The Holy Trinity in Hinduism and Christianity Essay
The Holy Trinity in Hinduism and Christianity
In the past, many Christians believed that the Holy Trinity was an original Christian doctrine that many religions adopted - The Holy Trinity in Hinduism and Christianity Essay introduction. However, it was far from reality as much older religions—like Tritheism in pagan Rome—had their own versions of the Holy Trinity. One such case is the version of Trimurti or Trinity within Hinduism. Indeed, Hinduism is a much older religion than Christianity. Hence, it may have been wrong for devout Christians to claim that their Trinity was original. However, originality was not really much the topic of debate. It is more of the content of the two different versions of the trinity, and maybe there are some similarities between the two versions. Whichever was the case, the trinity seems to be an integral part for some religions, as it explains that there are more than one divine entities responsible for the world and its well-being—its maintenance. So, it can be claimed that the Hindu and Christian versions of the Trinity are not that different, in terms of its purpose for their respective followers and their world.
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Hinduism is one of two major religions in India today, but it is the oldest known religion in India. It has been patterned with other polytheistic religions that clearly has at least one main God, but it possessed monotheistic concepts to which it only answers to one main God. It has been mentioned that it entails three main divine entities, equally important to the world, the people, and their well-being: Brahma (creator), Vishnu (preserver), and Shiva (destroyer, not in the sense that it entails the destruction of the world and its people). It is mentioned that each god has their own world to rule over: “Brahma is the ruler of Brahmalok, Vishnu of Vaikunth, and Siva (Shiva) of Kailash” (Jayaram 2007). These three gods are also assisted in their divine duties by their consorts or associate divine beings: Saraswathi (knowledge and refinement), Lakshimi (Wealth), and Parvathi (Mother goddess). Other minor deities fall under the three main divine entities in forms like avatars and incarnations.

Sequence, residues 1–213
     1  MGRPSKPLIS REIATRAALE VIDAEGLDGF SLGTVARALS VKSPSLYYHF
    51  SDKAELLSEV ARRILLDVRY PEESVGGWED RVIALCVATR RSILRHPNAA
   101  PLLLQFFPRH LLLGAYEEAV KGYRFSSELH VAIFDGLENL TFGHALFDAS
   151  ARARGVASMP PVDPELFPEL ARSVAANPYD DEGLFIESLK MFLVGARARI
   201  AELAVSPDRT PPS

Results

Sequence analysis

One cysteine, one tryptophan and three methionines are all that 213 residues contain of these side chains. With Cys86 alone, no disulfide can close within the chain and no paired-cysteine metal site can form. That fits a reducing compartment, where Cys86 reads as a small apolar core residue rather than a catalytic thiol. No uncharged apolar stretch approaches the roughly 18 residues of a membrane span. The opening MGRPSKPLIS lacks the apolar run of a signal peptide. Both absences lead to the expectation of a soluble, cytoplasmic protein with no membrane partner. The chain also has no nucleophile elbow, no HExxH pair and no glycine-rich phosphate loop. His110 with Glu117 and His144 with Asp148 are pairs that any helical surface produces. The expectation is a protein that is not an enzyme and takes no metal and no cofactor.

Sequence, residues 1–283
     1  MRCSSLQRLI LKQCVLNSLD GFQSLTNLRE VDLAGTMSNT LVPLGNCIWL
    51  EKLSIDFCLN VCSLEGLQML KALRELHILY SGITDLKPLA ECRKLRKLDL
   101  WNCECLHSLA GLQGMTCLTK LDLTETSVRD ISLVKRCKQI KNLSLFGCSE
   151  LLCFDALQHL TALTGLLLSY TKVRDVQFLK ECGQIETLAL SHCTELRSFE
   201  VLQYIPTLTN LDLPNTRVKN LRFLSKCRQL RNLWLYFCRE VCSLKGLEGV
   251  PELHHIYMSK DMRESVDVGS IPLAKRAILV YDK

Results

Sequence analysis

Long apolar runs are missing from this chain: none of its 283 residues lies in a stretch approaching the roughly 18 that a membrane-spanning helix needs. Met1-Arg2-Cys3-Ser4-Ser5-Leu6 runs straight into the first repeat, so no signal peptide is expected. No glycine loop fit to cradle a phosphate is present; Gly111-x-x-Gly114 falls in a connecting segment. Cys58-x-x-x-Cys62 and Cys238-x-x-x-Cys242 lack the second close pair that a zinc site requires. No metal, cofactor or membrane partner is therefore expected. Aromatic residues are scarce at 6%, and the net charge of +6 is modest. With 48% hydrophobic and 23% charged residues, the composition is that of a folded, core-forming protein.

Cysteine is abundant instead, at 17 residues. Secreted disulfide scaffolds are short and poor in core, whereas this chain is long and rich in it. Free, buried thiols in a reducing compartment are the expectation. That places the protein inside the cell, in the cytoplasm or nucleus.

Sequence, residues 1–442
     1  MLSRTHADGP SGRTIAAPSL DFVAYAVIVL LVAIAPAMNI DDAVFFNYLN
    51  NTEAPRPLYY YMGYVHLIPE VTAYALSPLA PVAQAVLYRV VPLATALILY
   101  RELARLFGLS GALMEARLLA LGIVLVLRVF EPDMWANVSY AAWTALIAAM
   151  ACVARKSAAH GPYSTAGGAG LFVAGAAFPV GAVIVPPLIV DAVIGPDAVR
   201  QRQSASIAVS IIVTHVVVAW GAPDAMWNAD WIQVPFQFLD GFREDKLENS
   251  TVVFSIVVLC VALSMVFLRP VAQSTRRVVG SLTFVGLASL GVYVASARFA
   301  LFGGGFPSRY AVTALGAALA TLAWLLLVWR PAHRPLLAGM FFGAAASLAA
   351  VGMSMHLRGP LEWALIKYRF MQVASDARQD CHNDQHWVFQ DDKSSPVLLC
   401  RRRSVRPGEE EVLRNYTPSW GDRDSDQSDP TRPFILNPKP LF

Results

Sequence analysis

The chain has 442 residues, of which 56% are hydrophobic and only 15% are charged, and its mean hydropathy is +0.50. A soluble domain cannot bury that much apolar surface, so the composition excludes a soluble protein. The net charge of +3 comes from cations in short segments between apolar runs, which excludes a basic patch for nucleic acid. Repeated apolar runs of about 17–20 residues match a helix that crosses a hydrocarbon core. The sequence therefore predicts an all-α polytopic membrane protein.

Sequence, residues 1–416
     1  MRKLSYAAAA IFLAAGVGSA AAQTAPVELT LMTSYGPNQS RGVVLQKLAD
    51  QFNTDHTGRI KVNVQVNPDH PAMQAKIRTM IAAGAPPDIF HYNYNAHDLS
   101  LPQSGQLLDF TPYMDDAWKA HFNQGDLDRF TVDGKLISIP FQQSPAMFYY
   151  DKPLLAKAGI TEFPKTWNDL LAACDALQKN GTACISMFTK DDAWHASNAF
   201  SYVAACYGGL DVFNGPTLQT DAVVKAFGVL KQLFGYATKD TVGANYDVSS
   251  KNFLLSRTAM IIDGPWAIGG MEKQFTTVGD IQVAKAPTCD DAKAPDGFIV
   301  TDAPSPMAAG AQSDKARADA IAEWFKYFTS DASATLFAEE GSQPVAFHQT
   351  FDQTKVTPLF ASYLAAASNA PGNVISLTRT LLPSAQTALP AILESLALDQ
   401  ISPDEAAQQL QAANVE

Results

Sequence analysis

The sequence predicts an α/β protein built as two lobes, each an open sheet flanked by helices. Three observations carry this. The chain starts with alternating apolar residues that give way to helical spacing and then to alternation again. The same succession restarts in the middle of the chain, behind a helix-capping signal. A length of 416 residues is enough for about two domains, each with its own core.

The Hindu Trinity comprises of three different gods. They perform different tasks and has many different functions in both the divine and mortal realms; Brahman the creator, Vishnu the preserver or the maintainer, and Shiva the destroyer or transformer (of evil). However, each god is actually a quality of one Supreme Being—the Supreme Is divided into three, categorized according to the personality and functions: “ The gods of trinity are not different gods, but manifestations of the same Supreme Iswara, who is also known as the Saguna Brahman or the awakened or dynamic Brahman” (Jayaram 2007). The Supreme Iswara achieves omnipresence through the division into three different gods that serve three different integral functions in both the divine and mortal realms. An analogy to explain this further would be a group of humans serving different functions but for a single purpose and a single society. Although belonging to one Supreme Entity, these gods are worshiped differently by people, based on their functions and the needs of those worshiping. The concept of Hindi trinity, having one Supreme Entity, could be seen as somewhat similar to the concept of the Christian Holy Trinity of God the Father, God the Son (Jesus), and the Holy Spirit.